BizLink sales slump
Wire harness maker BizLink Holding Inc (貿聯) yesterday posted consolidated sales of US$54.95 million for last month, a 4.27 percent month-on-month and 10.72 percent year-on-year decrease. The company blamed the fall on the COVID-19 pandemic that has caused many nations to impose a variety of restrictions, negatively affecting global supply chains. BizLink, an exclusive harness supplier to US electric vehicle maker Tesla Inc, said cumulative sales in the first quarter were US$164.41 million, down 7.35 percent from the same period last year.
Vivotek sees weak demand
Internet security solutions provider Vivotek Inc (晶睿科技) yesterday posted revenue of NT$589 million (US$19.48 million) for last month, an 18.47 percent month-on-month increase, but down 6.7 percent from a year earlier. As the firm’s three major plants are in Taiwan and it has a sufficient supply of raw materials, the COVID-19 pandemic has not had a substantial impact on production, Vivotek said. However, the escalating outbreak, and lockdowns in the US and Europe, would likely lead to weakening demand, it said. Revenue in the first quarter was NT$1.58 billion, up 17.04 percent quarter-on-quarter, but down 7.76 percent year-on-year.
Adata revenue soars
Adata Technology Co (威剛科技), the world’s second-largest memory module supplier, yesterday posted revenue of NT$2.86 billion for last month, up 16.82 percent from NT$2.45 billion in February, as it benefited from rising shipments in the DRAM and solid-state drive (SSD) segments. That was 25.96 percent higher than NT$2.27 billion the previous year and the highest in 20 months, company data showed. Adata revenue rose 12.13 percent year-on-year to NT$7.19 billion in the first quarter, with the DRAM segment contributing 45.5 percent of sales, SSD 31.2 percent and NAND flash memory 12.85 percent.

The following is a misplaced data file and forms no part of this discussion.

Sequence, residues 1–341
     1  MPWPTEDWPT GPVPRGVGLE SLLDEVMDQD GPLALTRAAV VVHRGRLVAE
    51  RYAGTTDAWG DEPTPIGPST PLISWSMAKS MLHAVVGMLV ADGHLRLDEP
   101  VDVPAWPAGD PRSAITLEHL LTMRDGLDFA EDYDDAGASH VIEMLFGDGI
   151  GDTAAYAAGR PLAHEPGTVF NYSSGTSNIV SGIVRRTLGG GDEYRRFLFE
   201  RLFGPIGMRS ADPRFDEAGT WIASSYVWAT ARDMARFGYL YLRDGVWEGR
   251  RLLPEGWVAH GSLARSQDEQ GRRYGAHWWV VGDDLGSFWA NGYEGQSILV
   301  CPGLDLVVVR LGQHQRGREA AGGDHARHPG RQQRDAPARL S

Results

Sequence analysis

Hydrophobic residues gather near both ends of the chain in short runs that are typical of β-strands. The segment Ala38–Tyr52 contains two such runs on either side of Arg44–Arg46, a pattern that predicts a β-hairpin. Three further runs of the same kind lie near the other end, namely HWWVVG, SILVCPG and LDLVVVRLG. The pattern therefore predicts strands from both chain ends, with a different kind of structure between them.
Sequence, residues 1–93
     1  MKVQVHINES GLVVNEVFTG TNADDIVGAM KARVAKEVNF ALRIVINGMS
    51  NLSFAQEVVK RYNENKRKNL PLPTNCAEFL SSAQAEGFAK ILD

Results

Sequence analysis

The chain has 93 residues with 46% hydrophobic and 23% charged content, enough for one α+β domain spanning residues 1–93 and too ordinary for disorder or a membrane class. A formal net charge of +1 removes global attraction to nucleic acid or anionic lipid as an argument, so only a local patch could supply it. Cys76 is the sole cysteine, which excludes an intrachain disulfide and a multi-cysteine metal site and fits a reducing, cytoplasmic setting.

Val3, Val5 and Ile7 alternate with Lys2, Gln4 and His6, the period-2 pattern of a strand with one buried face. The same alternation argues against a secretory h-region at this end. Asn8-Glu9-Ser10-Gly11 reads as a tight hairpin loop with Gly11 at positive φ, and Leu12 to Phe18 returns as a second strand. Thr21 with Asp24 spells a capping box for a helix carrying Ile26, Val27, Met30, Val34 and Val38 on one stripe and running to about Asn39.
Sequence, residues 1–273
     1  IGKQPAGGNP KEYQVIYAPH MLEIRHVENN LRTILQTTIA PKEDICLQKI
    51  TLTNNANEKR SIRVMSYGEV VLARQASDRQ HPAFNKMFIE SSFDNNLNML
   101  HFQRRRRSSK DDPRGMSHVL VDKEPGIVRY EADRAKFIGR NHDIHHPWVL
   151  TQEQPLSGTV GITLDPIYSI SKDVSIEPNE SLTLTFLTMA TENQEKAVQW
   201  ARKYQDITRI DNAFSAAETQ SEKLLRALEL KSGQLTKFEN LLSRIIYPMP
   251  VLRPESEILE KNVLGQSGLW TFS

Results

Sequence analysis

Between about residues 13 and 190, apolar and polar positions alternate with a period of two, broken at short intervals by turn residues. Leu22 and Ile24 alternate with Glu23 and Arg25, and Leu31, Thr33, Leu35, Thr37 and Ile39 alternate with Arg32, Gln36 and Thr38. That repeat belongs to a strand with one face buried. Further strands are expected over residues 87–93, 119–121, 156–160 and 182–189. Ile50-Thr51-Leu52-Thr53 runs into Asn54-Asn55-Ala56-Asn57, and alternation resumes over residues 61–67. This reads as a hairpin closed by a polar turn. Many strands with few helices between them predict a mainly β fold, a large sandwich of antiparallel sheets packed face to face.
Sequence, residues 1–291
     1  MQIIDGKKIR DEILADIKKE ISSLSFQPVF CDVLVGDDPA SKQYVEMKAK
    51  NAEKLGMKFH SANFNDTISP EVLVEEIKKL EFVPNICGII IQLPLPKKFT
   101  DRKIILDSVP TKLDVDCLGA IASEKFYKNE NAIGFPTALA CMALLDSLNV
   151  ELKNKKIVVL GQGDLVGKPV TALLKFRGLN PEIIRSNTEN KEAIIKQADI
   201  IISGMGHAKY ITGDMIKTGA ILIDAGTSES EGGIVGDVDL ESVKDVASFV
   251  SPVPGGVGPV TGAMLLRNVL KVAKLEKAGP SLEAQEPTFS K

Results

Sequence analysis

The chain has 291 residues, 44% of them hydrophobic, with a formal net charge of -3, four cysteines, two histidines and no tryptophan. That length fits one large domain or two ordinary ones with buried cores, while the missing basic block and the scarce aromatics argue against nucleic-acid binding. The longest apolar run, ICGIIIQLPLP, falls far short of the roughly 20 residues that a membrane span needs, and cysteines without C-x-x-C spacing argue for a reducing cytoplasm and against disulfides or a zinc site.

Chicony bullish on Q2
Chicony Power Technology Co (群光電能), which makes computer peripherals, yesterday posted consolidated revenue of NT$2.76 billion for last month, an 82.2 percent month-on-month and 2.2 percent year-on-year increase, and the highest level for March in the company’s history. Consolidated revenue in the first quarter decreased 7.2 percent year-on-year to NT$6.71 billion, less than the company’s guidance of a fall of 8 to 10 percent. The company resumed full production in China at the end of last month, which would help boost shipments this quarter, Chicony Power president Peter Tseng (曾國華) said. The company could benefit from rush orders for power supplies used in commercial and education-based laptops as remote working and online teaching become more prevalent during the COVID-19 pandemic, analysts said.
HTC sales inch higher
HTC Corp (宏達電) yesterday posted consolidated sales of NT$432.25 million for last month, a 3.13 percent increase from a month earlier and ending two consecutive months of decline. However, last month’s sales were 67.07 percent lower than the same period last year. HTC attributed the decline to lower shipments. Cumulative sales in the first quarter were NT$1.33 billion, down 54.83 percent year-on-year, the company said in a regulatory filing.